Talking Hardware and Software with OCCS Director Ivor D’Souza

Internet, communication and social media concepts on a network with laptop connectingKeeping NLM’s data center up and running for millions of users worldwide every day?

That responsibility lies with NLM’s Office of Computer and Communications Systems. And it’s work that goes on 24/7 through snowstorms, power outages, and even the rare government shutdown.

The Office of Computer and Communications System (OCCS) team of 180 people, three-quarters of whom are contractors, is led by Ivor D’Souza.

The sweep of (recent) history

D’Souza said OCCS’s focus has changed since 2001, when “initiatives were put in place to advance the stability of operations.” Then, around 2010, “we felt we had mastered managing operations and wanted to focus on being more strategic—working on initiatives that help us take the organization in new and better directions.”

The challenges today?

Funding is a challenge.

“When projects are successful, we need bigger systems and more funds. In the private sector, successes bring in more revenue, which can then be reinvested into IT operations. That’s not the case in government,” said D’Souza. “Also, 80 to 90 percent of our budget is for labor. This is an annual recurring cost that does not go away—it is required to deliver IT services that our customers expect.”

In addition, D’Souza said, “We also have the challenge of requiring one-time ‘capital’ funds to refresh major components of our data center and infrastructure. But when budgets are tight, those funds are hard to come by.”

And yet, there are strategies.

“One strategy for saving money is to lower our use of on-premise computing and shift some of our computing to the cloud,” said D’Souza. “By doing this we don’t have to worry about major capital expenditures, because that risk has now shifted to the cloud vendor, and we are only required to pay recurring costs for the systems we’ve moved to the cloud.”

Software vs. hardware?

Next came some unexpected news to this writer: software is being used to run almost everything these days, including hardware.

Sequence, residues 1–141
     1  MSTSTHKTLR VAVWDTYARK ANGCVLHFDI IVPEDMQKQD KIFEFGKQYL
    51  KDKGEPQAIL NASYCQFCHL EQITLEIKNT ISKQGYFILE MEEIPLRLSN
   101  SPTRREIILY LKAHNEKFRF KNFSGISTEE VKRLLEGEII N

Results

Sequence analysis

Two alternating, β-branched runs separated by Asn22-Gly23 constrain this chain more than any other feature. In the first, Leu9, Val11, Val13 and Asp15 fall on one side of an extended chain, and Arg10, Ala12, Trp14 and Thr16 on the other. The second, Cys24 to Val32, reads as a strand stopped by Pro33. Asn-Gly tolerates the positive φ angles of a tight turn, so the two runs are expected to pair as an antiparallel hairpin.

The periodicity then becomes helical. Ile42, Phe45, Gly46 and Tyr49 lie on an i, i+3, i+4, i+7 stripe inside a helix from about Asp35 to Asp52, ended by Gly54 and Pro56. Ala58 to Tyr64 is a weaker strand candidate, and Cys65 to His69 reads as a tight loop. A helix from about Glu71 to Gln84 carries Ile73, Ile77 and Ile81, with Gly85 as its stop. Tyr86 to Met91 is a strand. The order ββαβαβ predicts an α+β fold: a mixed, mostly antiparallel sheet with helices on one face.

“In NLM’s traditional world of computing, where we manage racks of hardware in our data center, there’s a significant dependence on managing and operating hardware. However, in the cloud, we no longer own hardware; we can spin up hardware in the cloud by simply executing code,” said D’Souza. “This concept is known as infrastructure-as-code—an example of how software skills are increasingly becoming more important than hardware skills.”

D’Souza points out that software is increasingly becoming the new currency in many spheres of life and that many of the top firms around the world are software-based companies: Amazon, Google, Apple, Microsoft, etc.  Software, especially artificial intelligence, has the potential to automate many typical legacy functions and transform the world.

Posed photo of a group of eight men and three women

The OCCS leadership team (from left): Kevin Gates, Dar-Ning Kung, Dianna Adams, Duc Nguyen, Ivor D’Souza, Bryant Pegram, Tony Bigbee, Fettina Bryant, Wei Ma, Michael Simpson, and Rex Shuler.

What else is OCCS focused on?

“For us, it’s always about customer service and user experience,” the OCCS Director explained.

There are four main areas that OCCS is concentrating on, in service of this goal:

  • Migrating public-facing apps to the cloud. This action will simplify operations. Currently, apps run out of the onsite and offsite data centers. The plan is to eventually sunset the offsite data center and have all major NLM systems run in the cloud.
  • IT modernization. “With older, legacy equipment or software, there’s poor vendor support, security vulnerabilities are difficult to correct, and it’s hard to find a modern workforce that wants to work on legacy technology. Also, customers don’t get the features they need,” said D’Souza. “NLM is seeking the funds to modernize its technology, knowing that the effort requires careful planning.”
  • Digitalization. This term refers to a way of building digital solutions by adding new value for customers. It stands in contrast to the old way, known as electronic automation, whereby organizations focused on automating an existing business process using information technology, explains D’Souza. “With the passage of time, technology is capable of accomplishing tasks that were not previously possible, so it is incumbent upon an IT organization to introduce such solutions to advance NLM’s mission.”
  • The IT strategic plan. This effort is closely integrated with NLM’s strategic plan for 2017-2027. “We will develop an IT strategic plan to focus the various IT organizations within to NLM to deliver to a common blueprint, with a strong focus on advancing NLM’s strategic goals,” said D’Souza.  

Providing data for millions of users worldwide every day will continue. How it happens will change as technology changes, but Ivor D’Souza and his team are up for the challenge.

By Melanie Modlin, NLM in Focus staff writer

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